Adding Pollen Patties

Adding Pollen Patties

I added some pollen patties (and one candy cake) to our hives today. Here’s the video, and then I’ll talk about it and show you some pictures.

UPDATE (Feb. 19/11): We don’t like to smoke our bees, but if we could go back and do it over again, we’d smoke ’em first. A few good puffs of smoke through the upper entrance may have driven the bees down below the top frames. That would have made it much easier to slip in the pollen and sugar — and it would have prevented me from squishing a clump of bees between the pollen patty and the inner cover when I put the inner cover back down (possibly squishing the queen).


The long range forecast didn’t call for above-freezing temperatures until March. But it went up to 2°C in the backyard this afternoon, so we made the most of it and gave the bees a few extra goodies to get them through the next two months of snow. Here are the photos:

That’s Hive #1 with the top off and the insulated inner hive cover showing.

I wouldn’t say the bees are clustering at all. To me, it looks like the whole colony is hanging out on the top bars.

That’s me adding a pollen patty to Hive #1. (All the photos are of Hive #1.) I’m glad I opened the inner cover like a door with one edge down. Many bees probably would have died (from flying away) if I had to bang them off the cover for any reason.

Sliding the pollen patty into the middle of the frames. It’s a half-pound patty. I’ll add another half maybe sometime in March if it gets warmer.

Those are candy cakes in the corners. I hope the queen is safely down below.

That’s totally nuts. What is going on with those bees? You can see the blank spots from the candy cakes in the corners.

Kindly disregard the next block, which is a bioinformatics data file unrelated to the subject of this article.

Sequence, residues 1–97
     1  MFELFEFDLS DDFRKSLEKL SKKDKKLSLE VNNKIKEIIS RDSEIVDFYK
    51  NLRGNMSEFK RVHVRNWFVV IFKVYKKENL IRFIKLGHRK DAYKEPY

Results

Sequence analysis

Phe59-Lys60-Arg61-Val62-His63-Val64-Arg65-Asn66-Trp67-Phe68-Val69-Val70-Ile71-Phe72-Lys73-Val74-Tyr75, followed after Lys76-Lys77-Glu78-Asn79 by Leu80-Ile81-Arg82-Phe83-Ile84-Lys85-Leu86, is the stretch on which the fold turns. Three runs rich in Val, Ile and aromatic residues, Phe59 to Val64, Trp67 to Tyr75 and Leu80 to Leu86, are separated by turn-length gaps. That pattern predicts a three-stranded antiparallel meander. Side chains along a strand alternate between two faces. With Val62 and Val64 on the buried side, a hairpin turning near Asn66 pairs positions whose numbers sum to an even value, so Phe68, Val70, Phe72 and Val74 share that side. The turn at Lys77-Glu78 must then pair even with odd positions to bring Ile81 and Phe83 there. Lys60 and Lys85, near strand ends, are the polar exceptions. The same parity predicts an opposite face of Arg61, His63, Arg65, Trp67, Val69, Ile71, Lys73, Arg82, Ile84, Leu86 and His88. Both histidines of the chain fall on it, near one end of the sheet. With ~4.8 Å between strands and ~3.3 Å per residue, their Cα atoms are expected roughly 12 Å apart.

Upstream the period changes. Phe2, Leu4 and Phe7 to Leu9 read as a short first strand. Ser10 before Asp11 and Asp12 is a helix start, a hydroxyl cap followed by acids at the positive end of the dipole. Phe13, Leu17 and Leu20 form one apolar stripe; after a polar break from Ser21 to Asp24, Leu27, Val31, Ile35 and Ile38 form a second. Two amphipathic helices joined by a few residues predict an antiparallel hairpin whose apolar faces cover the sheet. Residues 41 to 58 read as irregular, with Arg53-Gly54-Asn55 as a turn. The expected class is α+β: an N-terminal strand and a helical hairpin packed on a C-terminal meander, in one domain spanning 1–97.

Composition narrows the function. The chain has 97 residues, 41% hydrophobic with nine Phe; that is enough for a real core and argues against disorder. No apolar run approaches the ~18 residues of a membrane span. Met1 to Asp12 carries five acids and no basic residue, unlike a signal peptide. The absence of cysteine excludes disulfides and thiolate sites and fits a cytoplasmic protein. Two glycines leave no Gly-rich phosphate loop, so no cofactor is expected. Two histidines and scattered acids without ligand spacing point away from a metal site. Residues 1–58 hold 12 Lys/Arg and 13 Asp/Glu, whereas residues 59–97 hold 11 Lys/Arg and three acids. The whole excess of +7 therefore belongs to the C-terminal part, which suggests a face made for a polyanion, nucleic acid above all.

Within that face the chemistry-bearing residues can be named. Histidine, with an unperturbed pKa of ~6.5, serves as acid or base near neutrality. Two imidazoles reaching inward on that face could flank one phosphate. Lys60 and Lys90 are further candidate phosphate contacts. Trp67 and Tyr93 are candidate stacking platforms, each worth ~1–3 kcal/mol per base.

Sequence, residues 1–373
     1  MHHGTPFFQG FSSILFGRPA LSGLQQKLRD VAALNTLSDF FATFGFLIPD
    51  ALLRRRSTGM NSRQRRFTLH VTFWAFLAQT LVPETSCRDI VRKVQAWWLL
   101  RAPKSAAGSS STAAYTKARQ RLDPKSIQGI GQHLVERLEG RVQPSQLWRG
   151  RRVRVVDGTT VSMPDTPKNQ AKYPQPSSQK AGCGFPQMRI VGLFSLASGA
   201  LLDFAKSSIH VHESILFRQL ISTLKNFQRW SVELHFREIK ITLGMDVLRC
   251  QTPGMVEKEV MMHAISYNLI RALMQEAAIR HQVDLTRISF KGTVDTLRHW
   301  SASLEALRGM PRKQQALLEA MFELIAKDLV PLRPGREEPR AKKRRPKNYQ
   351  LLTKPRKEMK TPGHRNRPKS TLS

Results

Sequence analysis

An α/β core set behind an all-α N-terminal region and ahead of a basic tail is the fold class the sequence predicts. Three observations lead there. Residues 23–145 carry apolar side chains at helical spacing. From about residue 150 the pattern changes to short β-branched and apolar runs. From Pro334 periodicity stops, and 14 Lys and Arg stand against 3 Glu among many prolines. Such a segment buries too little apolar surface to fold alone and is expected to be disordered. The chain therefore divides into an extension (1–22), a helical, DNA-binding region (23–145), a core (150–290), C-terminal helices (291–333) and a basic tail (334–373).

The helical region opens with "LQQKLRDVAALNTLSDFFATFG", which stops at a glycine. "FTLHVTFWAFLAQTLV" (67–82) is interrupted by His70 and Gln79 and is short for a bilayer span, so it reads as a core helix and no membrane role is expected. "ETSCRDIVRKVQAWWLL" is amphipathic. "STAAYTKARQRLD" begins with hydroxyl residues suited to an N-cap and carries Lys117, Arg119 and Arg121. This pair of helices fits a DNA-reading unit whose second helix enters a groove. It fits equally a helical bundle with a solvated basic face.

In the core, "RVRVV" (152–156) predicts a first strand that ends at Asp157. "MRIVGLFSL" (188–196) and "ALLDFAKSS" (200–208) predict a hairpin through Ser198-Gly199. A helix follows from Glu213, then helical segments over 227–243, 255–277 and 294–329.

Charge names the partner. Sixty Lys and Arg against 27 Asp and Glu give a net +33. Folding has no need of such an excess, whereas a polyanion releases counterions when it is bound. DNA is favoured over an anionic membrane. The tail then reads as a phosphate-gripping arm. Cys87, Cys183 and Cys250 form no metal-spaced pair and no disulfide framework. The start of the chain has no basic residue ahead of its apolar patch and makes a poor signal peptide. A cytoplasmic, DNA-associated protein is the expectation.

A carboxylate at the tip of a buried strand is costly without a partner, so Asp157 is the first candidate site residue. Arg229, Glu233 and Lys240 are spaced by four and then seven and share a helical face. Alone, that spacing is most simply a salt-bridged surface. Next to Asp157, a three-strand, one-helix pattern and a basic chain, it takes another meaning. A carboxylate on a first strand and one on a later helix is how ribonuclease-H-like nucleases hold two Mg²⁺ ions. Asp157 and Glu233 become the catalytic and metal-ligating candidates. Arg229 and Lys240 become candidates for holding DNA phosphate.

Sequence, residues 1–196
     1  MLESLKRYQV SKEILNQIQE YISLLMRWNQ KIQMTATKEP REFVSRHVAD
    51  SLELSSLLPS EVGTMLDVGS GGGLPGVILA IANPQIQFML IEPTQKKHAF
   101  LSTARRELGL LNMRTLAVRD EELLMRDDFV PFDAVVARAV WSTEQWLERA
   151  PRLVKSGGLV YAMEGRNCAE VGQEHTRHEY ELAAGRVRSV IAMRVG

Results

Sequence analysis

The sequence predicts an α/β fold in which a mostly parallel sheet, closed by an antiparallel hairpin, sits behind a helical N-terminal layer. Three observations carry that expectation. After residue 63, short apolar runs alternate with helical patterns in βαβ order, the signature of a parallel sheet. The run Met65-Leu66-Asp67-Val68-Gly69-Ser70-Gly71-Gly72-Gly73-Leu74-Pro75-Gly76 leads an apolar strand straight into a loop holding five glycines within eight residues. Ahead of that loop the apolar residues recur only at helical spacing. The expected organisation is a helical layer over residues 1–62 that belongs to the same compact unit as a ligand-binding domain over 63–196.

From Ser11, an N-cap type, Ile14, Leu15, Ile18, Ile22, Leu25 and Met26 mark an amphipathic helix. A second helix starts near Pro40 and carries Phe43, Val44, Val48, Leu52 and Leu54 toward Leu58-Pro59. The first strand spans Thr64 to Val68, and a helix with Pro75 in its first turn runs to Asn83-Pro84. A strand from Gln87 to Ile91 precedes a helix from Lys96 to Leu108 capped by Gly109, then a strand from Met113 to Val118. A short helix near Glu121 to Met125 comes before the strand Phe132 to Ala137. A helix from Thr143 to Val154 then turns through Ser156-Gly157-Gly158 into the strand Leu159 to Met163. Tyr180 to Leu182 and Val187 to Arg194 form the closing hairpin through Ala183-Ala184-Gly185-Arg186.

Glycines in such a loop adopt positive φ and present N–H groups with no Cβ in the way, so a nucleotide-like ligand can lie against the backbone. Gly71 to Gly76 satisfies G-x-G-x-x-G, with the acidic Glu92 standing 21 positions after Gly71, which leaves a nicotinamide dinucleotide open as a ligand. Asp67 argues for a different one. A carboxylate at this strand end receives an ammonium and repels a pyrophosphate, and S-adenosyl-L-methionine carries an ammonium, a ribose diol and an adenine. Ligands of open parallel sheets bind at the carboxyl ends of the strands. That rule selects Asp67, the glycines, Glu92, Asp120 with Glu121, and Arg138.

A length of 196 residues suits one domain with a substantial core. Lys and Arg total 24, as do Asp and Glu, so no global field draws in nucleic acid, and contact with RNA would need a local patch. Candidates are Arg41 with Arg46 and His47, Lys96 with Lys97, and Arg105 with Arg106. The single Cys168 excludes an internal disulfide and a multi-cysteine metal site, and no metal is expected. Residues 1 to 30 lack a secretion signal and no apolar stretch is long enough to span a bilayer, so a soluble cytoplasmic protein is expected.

Tools of the trade.

Hive #2 half buried in snow.

I dug out much of the snow around the hives. Does snow really insulate the hives? That snow is almost like a block of ice.

I don’t know if the bees are starving, freezing, or if the queen is dead. Or maybe the queen has laid loads of hatching brood and the hive is getting crowded. I don’t know and I’m not going to worry about it because there’s nothing I can do. The bees are alive, so I’m happy.

Whatever is going on, it’s the same in both hives and, judging from how much of the candy cakes they’ve eaten in past three weeks, I’d say they have enough to stay alive well into March. I hope.

I don’t want to touch them for another month if I don’t have to.

P.S.: (Feb. 19/11): I emailed some of the photos to a few experienced beekeepers. They all agreed the hives are most likely very low or even empty of honey and that we definitely saved the colonies by adding the candy cakes. I’ll take their word for it. I’d still like to see how many empty frames we find during our first spring inspection, just to confirm it. I’m amazed the bees can eat through so much honey so fast. Or maybe they didn’t have as much as we thought they did. Crazy.